Subsidence in Victorian Buildings

Tuesday, 10 September 2002 03:44 PM BST

Contributed by: jami brooks

This article describes how Victorians built foundations for buildings. Have methods improved since then? Do modern buildings suffer less from subsidence? "Foundations of Buildings in Unfavourable Soil - Piled Foundations" from Cassell's Technical Educator.

It has before been observed that the soil upon which a building of any importance is to be erected should always be well examined before the work is commenced, which may be done by striking it to ascertain if it sounds hollow, and then by boring it in various parts with an earth borer. Small shafts, cut at certain intervals, may also answer the purpose of discovering the nature and depth of several strata when the ground is not of uniform consistency.

When the soil is partly good and partly bad, the latter may be cut deeper until good soil is obtained, if it can be found at moderate depth, and thus the footings may be built as in irregular ground - not on one continued level, but in steps or terraces.

When the soil is all the same quality, but looser in some parts than in others, ramming it well in the loose parts has been considered a very useful and, sometimes, a sufficient precaution; and this method of treating the soil is particularly recommended by some of the French engineers of the greatest eminence.

Even in buildings erected of bricks it has been common to commence the foundations with flat stones, placing the largest as regularly as possible, filling in the intervals with smaller ones, and ramming them down.

When the soil is of middling quality, not absolutely good, nor yet altogether unsound and treacherous, a grating or network of continued woodwork is often used as an expedient for ensuring the stability of an edifice.

Fig. 530 - In this case sleepers of about five or six inches square are laid transversely, at intervals of three or four feet apart, under the whole base of the intended wall. over these are fixed longitudinal planks forming a continued platform under the whole foundation of the walls of the building, as represented in the section shown in this example. The planks must be carefully pinned down upon the sleepers, and the intervals between the latter are usually filled with bricks or stones - not with earth.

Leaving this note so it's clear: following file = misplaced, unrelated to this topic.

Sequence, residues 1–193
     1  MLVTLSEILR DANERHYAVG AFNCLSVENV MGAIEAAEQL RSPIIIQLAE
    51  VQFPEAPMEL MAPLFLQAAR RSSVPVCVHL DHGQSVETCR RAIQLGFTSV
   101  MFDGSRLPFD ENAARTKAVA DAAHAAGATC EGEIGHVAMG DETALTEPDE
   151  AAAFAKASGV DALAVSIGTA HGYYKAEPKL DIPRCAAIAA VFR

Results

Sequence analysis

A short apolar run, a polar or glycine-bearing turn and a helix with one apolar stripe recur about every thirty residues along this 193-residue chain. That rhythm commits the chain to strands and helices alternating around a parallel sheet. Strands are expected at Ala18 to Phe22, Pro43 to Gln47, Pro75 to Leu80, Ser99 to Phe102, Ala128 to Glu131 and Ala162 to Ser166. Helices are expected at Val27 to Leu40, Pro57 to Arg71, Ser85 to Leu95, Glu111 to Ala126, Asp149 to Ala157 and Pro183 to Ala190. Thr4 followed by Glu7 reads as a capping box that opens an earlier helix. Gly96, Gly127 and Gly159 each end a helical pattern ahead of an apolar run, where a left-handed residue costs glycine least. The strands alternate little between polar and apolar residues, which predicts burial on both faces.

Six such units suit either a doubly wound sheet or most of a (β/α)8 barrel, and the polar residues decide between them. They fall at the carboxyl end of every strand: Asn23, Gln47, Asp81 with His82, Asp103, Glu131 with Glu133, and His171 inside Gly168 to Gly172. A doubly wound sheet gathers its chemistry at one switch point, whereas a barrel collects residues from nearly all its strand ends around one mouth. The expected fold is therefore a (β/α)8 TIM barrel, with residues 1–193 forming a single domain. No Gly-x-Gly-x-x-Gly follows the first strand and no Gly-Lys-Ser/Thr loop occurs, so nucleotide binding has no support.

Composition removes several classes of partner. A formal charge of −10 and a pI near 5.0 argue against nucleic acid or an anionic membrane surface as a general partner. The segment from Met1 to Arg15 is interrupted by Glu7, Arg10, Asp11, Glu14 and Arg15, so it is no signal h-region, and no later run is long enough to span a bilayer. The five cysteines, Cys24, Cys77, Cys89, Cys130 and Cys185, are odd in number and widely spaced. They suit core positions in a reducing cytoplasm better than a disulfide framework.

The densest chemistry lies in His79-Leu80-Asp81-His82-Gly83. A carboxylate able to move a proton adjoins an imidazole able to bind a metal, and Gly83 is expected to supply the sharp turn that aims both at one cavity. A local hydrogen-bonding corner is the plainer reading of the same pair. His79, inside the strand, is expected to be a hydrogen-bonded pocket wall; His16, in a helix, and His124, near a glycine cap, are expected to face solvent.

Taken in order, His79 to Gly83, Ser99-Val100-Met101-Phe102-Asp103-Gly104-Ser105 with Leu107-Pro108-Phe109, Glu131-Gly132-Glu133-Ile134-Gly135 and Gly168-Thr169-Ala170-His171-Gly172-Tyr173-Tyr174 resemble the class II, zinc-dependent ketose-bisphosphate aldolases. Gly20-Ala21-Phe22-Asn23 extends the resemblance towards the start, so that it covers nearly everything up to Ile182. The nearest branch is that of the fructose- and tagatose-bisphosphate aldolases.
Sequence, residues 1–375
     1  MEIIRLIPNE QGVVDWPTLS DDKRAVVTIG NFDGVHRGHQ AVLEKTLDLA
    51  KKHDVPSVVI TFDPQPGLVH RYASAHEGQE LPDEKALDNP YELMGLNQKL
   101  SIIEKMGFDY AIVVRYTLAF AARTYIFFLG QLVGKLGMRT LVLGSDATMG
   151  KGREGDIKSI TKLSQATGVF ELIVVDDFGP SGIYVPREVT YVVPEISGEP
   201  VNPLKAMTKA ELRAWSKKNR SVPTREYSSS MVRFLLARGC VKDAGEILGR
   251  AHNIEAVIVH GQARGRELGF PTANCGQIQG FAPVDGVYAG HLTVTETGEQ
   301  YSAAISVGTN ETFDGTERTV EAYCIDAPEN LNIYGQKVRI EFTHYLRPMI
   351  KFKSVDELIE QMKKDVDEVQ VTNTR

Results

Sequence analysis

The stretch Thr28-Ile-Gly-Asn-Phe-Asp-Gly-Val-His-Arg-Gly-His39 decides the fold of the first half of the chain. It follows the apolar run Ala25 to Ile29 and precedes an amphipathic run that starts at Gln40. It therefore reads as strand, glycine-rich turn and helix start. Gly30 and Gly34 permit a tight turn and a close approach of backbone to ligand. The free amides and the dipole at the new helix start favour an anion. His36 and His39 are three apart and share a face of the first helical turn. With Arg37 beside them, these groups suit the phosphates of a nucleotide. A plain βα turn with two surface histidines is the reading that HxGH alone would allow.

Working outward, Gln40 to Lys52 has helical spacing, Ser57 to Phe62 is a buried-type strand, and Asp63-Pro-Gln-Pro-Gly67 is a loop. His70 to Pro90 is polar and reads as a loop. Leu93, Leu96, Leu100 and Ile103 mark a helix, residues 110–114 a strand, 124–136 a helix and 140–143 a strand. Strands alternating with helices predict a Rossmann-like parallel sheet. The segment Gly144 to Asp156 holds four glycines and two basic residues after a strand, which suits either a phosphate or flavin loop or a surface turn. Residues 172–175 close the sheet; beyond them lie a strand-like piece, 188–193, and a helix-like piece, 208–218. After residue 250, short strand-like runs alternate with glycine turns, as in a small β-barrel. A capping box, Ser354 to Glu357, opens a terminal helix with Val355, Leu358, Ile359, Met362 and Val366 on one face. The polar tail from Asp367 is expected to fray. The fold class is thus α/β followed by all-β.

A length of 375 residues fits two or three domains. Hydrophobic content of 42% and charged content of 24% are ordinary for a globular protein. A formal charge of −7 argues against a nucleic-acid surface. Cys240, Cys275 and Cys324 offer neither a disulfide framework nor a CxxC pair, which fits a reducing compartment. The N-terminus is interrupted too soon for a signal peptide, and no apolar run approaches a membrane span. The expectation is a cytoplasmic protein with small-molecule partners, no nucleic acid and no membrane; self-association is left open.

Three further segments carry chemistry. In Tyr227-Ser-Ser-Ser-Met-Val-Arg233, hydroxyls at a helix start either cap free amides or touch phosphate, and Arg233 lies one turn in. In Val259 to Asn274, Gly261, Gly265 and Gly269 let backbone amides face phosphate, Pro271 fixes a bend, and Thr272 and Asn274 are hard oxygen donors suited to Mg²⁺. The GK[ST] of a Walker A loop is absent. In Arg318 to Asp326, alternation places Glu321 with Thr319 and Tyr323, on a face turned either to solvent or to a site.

As every heavy body (says Sir Charles Pasley), "if placed upon soft soil, has a tendency to sink more or less, which tendency is directly in proportion to its weight, but inversely as its base, the footing given to the walls of brick buildings has in such soil the effect of diminishing, or altogether rendering null, the said tendency, which might operate in a manner unfavourable to the stability of the edifice, if the walls had no such increae of base, but were of uniform thickness throughout, from the bottom upwards. In respect to the wooden platform which has been described, its use is of a temporary nature, as it merely serves to prevent the brickwork, if it sinks at all, from sinking unequally whilst the mortar is yet soft, or the work green, as it is technically termed. After a certain number of years, when the mortar and bricks shall have become completely consolidated into one compact mass, they are no longer liable to separate, even if the woodwork underneath could be removed."

It will perhaps be scarcely necessary to remark that the base of every brick wall of the same height and thickness, or, in other words, of the same weight, should be greater in direct proportion to the softness of the soil on which it is built; also that the projecting parts of the footing of a wall should have a certain depth to give them solidity, otherwise the greater weight upon the central part of the base might fracture the bottom of the wall, and thereby render the footing useless; for this reason it is desirable that the offsets, when they are several, should not follow in every succeeding course, but at greater intervals apart, as already mentioned. Moreover, it is advisable in erecting a building in middling soil upon a wooden platform, such as has been described, either to make all walls of equal thickness, and consequently of equal weight throughout; or, if that arrangement would not be convenient, to give the thicker wall the greater base in direct proportion to its weight.

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